Breastfeeding comes easily to some mothers and their babies, but can be a challenge for others. Latching your baby correctly is the first step in breastfeeding. If you are having trouble getting your baby to latch on correctly, or if you’re encountering any nursing difficulty, please contact our office to get advice from our lactation specialists. We are here to help you get off to a good start.
Please schedule an appointment to meet with us 2 to 3 days after delivery if this is your first baby, or if breastfeeding problems occur. We will check your baby for adequate weight gain. Help us track how your baby is doing by bringing in a breastfeeding log and record that you can download and fill out each day.
To latch your baby onto your breast:
- Hold your baby so her body faces you and her nose is close to your nipple.
- Pick up your breast in your hand with a “C-hold.”
- Stroke your baby’s mouth with your nipple.
- As she opens her mouth, pull her close to your breast and make sure as much of the dark area of your nipple (the areola) goes in her mouth as possible.
- You will know baby is feeding when you: feel her taking long draws at the nipple, hear her swallowing, and see her jaw muscles moving in rhythm. (A few days after delivery, when your milk comes in, you will feel a slight tingling in your breast when the milk lets-down.)
- If latching is tricky, try a different hold. The cradle hold, cross-cradle hold, football hold, and side-lying hold all work well. If you or baby is getting frustrated and upset trying to latch on, take her away from your breast. Take a few deep breaths, and try to relax before attempting to latch again.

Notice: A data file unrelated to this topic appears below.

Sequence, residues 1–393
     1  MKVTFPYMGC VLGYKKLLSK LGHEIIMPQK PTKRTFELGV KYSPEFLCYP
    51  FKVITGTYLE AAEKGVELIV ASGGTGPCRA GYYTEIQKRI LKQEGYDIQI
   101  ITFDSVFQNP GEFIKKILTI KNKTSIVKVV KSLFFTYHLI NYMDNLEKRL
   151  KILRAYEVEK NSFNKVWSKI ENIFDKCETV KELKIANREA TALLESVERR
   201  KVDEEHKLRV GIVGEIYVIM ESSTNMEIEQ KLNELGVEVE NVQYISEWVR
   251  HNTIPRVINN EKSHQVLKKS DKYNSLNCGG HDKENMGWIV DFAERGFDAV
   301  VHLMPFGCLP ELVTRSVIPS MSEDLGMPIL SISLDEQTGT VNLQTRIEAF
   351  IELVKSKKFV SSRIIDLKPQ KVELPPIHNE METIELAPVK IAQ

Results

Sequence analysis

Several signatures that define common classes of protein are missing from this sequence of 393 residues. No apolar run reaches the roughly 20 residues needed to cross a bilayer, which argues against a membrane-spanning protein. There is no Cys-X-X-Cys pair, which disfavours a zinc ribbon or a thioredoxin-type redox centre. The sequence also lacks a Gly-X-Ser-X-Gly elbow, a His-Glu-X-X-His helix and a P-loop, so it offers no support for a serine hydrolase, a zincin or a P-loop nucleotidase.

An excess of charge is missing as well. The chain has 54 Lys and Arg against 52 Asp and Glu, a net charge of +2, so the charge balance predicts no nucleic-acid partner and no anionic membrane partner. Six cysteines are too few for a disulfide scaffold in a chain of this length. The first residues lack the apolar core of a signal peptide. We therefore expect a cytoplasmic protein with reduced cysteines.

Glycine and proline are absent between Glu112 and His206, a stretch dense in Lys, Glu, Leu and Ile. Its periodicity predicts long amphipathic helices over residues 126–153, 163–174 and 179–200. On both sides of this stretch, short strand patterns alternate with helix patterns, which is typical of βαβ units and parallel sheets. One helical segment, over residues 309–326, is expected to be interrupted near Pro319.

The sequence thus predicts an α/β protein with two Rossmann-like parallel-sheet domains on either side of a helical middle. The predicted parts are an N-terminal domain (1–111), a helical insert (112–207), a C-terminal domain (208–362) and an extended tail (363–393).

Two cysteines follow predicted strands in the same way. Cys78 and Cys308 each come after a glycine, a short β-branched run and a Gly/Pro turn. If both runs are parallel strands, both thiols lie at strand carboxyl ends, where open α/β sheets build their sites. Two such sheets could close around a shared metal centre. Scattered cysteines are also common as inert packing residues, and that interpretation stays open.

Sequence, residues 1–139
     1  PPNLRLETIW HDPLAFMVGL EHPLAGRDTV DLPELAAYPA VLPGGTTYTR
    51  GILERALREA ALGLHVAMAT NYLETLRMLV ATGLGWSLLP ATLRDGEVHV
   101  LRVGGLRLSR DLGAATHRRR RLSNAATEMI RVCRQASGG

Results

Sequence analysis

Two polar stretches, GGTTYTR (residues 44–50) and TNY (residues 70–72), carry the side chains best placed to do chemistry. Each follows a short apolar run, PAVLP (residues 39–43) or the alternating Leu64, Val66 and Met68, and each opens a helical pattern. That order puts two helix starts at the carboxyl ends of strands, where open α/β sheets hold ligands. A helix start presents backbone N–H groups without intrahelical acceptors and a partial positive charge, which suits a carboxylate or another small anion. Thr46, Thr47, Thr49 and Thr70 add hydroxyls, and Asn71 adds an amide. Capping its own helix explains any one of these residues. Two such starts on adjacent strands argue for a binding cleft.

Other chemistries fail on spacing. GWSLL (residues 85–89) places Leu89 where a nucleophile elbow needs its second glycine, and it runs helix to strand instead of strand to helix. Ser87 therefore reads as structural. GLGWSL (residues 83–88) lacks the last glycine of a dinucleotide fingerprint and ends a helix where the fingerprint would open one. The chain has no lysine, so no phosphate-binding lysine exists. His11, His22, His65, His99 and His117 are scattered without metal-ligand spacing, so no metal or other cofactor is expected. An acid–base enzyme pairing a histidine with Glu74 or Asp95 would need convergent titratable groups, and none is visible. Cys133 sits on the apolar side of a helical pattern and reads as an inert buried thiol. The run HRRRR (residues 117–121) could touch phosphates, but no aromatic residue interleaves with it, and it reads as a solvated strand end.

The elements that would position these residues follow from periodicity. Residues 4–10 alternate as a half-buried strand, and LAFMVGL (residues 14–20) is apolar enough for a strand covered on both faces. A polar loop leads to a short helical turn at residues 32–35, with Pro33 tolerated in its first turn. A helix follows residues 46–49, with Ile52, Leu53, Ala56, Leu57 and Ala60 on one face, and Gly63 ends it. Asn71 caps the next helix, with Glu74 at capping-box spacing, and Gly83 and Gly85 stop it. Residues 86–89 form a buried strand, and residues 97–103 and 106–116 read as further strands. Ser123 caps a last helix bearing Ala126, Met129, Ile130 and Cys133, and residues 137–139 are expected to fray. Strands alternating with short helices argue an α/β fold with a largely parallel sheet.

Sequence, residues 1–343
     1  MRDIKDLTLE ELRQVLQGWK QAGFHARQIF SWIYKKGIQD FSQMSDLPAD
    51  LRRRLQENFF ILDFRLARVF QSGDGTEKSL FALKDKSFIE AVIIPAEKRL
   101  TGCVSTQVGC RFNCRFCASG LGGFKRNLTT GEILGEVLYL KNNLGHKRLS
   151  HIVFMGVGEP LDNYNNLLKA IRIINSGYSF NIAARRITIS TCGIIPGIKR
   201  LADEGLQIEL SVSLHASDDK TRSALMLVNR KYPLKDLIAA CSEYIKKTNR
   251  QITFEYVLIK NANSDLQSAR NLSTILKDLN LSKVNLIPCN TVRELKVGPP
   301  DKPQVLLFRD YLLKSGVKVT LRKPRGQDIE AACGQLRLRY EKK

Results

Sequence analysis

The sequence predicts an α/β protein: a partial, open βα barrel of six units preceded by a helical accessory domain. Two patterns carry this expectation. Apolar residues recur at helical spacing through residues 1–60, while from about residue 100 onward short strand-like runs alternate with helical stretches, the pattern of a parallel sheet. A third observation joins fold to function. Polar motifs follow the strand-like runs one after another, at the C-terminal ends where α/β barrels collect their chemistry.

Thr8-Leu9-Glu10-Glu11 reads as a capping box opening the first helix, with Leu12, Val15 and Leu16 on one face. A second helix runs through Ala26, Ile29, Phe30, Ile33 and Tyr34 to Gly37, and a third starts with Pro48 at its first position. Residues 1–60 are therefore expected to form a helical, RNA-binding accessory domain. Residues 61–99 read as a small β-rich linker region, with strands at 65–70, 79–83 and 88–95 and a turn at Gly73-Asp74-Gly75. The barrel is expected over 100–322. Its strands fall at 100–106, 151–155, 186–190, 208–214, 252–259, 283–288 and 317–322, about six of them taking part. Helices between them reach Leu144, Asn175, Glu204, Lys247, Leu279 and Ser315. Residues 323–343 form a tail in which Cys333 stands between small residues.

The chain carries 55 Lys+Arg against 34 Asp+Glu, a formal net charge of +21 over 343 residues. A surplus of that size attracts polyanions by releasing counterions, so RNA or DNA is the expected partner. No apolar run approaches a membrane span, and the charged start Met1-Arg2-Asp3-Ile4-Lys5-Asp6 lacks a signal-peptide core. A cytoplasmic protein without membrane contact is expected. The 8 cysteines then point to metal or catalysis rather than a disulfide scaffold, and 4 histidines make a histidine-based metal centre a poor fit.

- If nursing is hurting and pinching, your latch may be wrong. Take baby off gently and re-latch. Avoid pulling her off quickly. Instead, break the seal between her mouth and your skin by slipping your finger in at the side of her lips.
Support your baby’s head with your arm on the same side as the breast you are using to feed. You may be more comfortable using a pillow or other support under the baby to make sure her head is at the same level as your nipple.
Support your baby’s head with your hand opposite the breast you are using to feed. This hold often helps premature or small infants maintain a proper latch. You may be more comfortable using a pillow or other support under the baby to make sure her head is at the same level as your nipple.
Your baby lies beside your breast, lying on her side facing toward your breast. This hold often works well for mothers with larger breasts or mothers whose c-section scar makes holding the baby near her tummy uncomfortable.
You and baby lie facing each other. Baby needs to have her mouth lined up with your nipple so that her neck is neither bent nor hyper-extended. This hold works well for mothers who co-sleep with baby and nurse often during the night.